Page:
In the living cell, we encounter a large variety of motile processes such as organelle transport and cytoskeleton remodeling. These processes are driven by motor proteins that generate force by transducing chemical free energy into mechanical work. In many cases, the molecular motors work in teams to collectively generate larger forces. Recent optical trapping experiments on small teams of cytoskeletal motors indicated that the collectively generated force increases with the size of the motor team but that this increase depends on the motor type and on whether the motors are studied in vitro or in vivo. Here, we use the theory of stochastic processes to describe the motion of N motors in a stationary optical trap and to compute the N-dependence of the collectively generated forces. We consider six distinct motor types, two kinesins, two dyneins, and two myosins. We show that the force increases always linearly with N but with a prefactor that depends on the performance of the single motor. Surprisingly, this prefactor increases for weaker motors with a lower stall force. This counter-intuitive behavior reflects the increased probability with which stronger motors detach from the filament during strain generation. Our theoretical results are in quantitative agreement with experimental data on small teams of kinesin-1 motors.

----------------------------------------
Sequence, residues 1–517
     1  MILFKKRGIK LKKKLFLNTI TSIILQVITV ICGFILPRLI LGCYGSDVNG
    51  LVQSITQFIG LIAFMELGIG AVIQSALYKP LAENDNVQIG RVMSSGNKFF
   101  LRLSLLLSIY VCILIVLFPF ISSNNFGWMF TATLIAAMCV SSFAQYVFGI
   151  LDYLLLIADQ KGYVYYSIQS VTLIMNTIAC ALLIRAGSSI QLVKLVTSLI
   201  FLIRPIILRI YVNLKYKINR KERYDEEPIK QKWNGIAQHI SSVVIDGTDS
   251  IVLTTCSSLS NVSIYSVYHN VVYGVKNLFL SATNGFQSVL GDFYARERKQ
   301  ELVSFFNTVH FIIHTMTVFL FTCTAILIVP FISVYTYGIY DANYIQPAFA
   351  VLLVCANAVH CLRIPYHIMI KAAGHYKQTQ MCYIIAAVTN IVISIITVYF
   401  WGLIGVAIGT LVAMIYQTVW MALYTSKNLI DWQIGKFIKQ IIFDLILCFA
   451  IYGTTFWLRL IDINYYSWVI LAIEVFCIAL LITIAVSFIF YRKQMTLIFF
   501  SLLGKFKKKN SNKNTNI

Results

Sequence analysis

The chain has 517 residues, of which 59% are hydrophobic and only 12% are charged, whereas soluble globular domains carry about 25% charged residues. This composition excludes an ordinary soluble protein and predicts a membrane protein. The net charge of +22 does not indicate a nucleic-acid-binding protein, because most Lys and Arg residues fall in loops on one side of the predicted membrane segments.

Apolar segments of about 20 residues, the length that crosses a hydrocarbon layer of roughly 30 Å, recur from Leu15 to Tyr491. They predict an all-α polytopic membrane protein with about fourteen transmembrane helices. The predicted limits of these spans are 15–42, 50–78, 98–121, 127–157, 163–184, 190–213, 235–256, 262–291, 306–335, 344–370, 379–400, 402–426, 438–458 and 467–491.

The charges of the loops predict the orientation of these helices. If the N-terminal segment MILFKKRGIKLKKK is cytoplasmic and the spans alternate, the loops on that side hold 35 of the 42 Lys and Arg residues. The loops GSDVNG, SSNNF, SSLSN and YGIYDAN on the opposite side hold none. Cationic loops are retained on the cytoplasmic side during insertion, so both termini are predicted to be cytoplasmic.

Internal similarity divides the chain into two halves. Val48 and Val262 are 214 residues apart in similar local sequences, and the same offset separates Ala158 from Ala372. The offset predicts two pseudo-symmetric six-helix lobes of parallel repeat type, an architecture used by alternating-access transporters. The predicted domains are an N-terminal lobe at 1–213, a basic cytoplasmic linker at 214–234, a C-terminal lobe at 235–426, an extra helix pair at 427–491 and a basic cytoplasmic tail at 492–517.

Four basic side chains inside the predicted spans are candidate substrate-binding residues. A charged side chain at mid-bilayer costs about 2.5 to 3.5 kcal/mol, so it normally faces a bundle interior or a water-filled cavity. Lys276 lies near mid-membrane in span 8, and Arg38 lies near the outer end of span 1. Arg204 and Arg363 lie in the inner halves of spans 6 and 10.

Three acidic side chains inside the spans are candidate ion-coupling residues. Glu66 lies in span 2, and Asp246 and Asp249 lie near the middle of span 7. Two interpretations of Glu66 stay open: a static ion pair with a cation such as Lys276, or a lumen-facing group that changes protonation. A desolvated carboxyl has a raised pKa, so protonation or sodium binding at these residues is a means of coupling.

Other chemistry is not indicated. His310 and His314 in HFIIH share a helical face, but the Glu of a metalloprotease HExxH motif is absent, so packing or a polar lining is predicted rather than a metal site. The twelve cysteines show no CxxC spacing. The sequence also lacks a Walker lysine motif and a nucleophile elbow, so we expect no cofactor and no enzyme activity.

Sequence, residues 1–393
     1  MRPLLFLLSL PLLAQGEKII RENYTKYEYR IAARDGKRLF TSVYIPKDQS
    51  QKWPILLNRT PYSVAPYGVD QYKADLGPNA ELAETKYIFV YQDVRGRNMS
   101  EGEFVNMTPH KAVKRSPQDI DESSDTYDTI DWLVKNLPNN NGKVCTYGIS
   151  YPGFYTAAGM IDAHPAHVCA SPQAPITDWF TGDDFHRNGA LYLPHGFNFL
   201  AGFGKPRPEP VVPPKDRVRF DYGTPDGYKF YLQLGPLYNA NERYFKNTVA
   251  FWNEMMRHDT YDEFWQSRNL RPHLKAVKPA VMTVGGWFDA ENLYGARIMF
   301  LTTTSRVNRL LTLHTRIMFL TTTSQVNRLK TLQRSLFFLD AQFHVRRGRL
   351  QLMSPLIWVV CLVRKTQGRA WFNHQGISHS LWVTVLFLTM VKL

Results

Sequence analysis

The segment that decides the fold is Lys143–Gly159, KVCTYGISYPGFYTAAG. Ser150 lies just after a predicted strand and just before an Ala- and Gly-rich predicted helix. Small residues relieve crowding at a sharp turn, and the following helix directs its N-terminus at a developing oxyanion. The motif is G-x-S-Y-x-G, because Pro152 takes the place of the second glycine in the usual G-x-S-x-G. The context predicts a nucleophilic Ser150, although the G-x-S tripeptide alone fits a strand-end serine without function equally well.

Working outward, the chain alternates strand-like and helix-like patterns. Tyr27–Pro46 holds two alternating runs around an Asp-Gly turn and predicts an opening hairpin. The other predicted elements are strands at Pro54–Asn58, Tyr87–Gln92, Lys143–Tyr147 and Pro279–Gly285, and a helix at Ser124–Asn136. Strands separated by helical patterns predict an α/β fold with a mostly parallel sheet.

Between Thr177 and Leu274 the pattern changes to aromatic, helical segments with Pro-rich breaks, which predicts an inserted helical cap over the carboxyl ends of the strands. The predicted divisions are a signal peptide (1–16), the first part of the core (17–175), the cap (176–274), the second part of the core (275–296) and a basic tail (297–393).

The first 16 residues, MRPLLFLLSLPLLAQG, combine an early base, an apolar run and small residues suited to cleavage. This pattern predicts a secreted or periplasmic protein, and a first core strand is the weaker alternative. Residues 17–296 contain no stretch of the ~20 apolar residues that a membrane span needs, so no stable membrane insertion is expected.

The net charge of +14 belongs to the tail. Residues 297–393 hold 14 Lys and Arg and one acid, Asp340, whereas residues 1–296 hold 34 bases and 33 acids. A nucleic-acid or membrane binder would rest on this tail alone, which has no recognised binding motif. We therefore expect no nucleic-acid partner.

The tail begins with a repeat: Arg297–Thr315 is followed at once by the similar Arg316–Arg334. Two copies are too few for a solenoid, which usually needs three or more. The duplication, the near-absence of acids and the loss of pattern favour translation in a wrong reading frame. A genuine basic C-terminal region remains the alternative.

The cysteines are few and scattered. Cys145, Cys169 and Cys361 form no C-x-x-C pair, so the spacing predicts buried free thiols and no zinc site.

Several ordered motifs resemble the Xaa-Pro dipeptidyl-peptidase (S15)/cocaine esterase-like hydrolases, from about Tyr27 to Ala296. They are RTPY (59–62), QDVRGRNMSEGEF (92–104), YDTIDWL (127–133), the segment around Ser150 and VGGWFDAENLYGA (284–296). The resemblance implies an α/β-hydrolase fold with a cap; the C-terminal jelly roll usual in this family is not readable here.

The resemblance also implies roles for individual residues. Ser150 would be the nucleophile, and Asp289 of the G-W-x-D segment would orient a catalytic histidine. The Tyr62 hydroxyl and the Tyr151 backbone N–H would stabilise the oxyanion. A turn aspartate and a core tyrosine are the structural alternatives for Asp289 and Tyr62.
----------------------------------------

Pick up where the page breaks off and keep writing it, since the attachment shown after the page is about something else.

Keywords: Motor proteins; cargo transport; cooperative behavior; kinesin, nanomachines; optical tweezers.